Every year, new chat apps gain popularity, huge volumes of data move into the cloud, foreign language documents unite business initiatives across multinational corporations, and discovery professionals have to learn how to process it all. The data explosion continues to grow, and it is now common for companies to generate information important to corporate investigations or litigation that is not easily searchable or hard to access in most ediscovery tools. Corporate attorneys and outside counsel face an ever-increasing list of potential relevant data sources, including dark data.
What is dark data?
Dark data can refer to electronic information within an organization that is not easily searchable or accessible. This means that it is likely to be in an unstructured format, unclassified, and likely unmanaged by current information governance solutions.
Dark data file types can include:
- Audio or video files, including phone calls and meeting recordings
- Foreign language documents
- Microsoft Teams, Slack chats, iChat, GChat, etc., each with its own custom format and formatting
- Documents with low signal/noise ratios
- Cloud-hosted files from Dropbox, Box, GDrive, etc.
- Domain-specific or unorthodox formats like CAD files, medical imaging files, etc.
Dark Data And The Ethical Duty of Technological Competence
Under the ABA Model Rules of Professional Conduct, lawyers’ duty of competence applies not only to legal skills, but also generally to those matters reasonably necessary for the representation. Increasingly, this means that lawyers are expected to understand the technologies they use, along with any associated risks. Lawyers must evolve along with technology, including learning how to locate, protect, and extract information from dark data sources, which is important for effective risk mitigation and technical proficiency in litigation. In a world where new technologies may contain material facts that may impact a lawyer’s clients, effective representation means making sense of those technologies.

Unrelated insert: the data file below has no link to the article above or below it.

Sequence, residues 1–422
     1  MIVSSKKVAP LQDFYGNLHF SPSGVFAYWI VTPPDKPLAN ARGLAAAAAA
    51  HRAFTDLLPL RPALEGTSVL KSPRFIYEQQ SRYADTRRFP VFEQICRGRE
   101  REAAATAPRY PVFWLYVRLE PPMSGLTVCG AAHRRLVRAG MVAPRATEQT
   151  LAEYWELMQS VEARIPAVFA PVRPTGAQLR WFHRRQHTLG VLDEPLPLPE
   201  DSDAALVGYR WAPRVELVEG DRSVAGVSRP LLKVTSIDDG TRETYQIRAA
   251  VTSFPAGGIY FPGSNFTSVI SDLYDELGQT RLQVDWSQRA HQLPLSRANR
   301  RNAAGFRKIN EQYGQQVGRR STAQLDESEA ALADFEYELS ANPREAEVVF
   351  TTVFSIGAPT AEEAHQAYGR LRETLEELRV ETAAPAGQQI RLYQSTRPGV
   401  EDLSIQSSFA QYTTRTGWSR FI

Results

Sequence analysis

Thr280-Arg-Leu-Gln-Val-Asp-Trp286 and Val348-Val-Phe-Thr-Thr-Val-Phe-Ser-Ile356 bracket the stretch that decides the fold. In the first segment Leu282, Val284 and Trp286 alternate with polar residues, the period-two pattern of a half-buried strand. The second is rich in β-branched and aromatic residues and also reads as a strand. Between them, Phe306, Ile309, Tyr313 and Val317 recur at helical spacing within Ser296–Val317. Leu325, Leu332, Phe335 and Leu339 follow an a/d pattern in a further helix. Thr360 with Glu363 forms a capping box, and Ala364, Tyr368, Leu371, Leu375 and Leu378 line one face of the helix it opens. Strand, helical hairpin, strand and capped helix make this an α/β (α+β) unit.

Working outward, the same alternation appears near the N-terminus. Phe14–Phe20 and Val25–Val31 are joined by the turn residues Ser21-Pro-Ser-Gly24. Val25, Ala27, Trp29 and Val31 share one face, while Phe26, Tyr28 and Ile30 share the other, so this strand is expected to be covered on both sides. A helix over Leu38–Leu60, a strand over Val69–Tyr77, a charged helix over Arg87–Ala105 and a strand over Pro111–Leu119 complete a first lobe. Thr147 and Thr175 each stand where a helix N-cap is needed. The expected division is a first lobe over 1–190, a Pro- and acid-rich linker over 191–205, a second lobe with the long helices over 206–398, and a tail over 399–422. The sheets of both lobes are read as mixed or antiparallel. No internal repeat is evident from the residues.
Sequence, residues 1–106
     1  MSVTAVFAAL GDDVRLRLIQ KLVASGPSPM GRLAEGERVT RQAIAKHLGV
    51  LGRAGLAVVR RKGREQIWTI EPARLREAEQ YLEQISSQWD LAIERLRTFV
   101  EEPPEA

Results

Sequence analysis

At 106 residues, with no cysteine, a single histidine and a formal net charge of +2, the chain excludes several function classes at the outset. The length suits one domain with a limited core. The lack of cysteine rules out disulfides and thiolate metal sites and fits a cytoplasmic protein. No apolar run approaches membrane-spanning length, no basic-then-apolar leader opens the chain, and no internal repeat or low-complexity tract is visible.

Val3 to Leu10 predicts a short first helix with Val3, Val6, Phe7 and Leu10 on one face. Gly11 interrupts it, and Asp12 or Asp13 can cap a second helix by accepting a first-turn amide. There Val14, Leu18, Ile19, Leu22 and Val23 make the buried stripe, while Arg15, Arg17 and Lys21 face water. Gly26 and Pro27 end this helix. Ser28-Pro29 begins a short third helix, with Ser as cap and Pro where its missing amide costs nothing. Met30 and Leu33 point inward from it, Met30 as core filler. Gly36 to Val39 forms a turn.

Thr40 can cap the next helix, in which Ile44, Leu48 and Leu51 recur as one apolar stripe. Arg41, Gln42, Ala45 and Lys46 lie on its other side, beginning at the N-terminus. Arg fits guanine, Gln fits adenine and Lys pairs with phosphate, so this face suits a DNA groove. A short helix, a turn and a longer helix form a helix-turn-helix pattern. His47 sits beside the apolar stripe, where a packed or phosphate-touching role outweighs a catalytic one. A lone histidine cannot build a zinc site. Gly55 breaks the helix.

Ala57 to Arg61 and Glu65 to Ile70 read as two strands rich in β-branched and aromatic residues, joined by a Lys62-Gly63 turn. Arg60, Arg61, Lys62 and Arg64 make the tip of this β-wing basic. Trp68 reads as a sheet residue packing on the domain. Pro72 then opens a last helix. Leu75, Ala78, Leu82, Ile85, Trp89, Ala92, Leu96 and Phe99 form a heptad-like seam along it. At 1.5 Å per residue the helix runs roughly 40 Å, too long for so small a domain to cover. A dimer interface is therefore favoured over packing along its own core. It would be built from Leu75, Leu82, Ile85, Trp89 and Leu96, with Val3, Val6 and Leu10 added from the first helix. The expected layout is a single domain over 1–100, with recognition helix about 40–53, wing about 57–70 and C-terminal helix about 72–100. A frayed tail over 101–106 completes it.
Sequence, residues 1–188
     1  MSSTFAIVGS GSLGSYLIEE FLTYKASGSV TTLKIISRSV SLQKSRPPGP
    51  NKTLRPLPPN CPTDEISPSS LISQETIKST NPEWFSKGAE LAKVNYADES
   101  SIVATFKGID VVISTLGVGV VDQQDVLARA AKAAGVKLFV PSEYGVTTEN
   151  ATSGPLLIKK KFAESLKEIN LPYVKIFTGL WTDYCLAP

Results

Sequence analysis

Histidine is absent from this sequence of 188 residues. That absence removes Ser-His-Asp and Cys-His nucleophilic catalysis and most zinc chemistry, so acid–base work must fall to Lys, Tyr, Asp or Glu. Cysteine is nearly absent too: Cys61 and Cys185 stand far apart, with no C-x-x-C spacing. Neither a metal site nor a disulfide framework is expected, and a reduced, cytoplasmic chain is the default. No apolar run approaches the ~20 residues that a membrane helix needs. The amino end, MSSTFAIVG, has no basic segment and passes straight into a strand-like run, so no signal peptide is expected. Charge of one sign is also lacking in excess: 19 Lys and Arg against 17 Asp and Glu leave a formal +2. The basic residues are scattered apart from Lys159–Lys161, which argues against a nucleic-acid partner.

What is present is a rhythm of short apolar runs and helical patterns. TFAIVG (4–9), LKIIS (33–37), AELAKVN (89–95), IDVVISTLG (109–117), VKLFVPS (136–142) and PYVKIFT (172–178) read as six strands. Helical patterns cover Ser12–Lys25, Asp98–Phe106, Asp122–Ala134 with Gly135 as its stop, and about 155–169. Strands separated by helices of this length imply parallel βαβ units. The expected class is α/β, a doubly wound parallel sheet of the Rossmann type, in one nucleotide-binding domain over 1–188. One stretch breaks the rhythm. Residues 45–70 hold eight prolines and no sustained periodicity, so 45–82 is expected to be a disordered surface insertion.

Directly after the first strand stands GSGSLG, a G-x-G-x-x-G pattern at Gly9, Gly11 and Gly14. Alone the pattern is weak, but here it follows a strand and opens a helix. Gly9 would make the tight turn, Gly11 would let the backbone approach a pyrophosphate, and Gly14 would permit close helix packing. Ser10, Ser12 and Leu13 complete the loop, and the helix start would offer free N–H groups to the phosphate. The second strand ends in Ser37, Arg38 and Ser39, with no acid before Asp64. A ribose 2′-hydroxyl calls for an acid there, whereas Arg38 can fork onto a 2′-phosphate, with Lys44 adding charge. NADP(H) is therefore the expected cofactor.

Additionally, lawyers also have a duty to their clients to increase technological competence in order to ensure that the fees they charge clients are reasonable. The ABA’s Model Rule 1.5 states that a lawyer may not collect an unreasonable fee. Lawyers have an ethical obligation to work in a cost-effective manner, which means that the person performing the work should be using the right tools and technology. Increasing technological competence and leveraging the best solution for dark data is a way to continue serving clients with fairness. Everlaw can help lawyers meet their duty to collect reasonable fees by enabling legal teams to discover, reveal, and act on information to better drive internal investigations and positively impact litigation outcomes. Unlike slow, unwieldy, client-server software, only Everlaw combines the necessary speed, security, and ease-of-use to investigate issues more thoroughly, uncover truth more quickly, and present findings more clearly.
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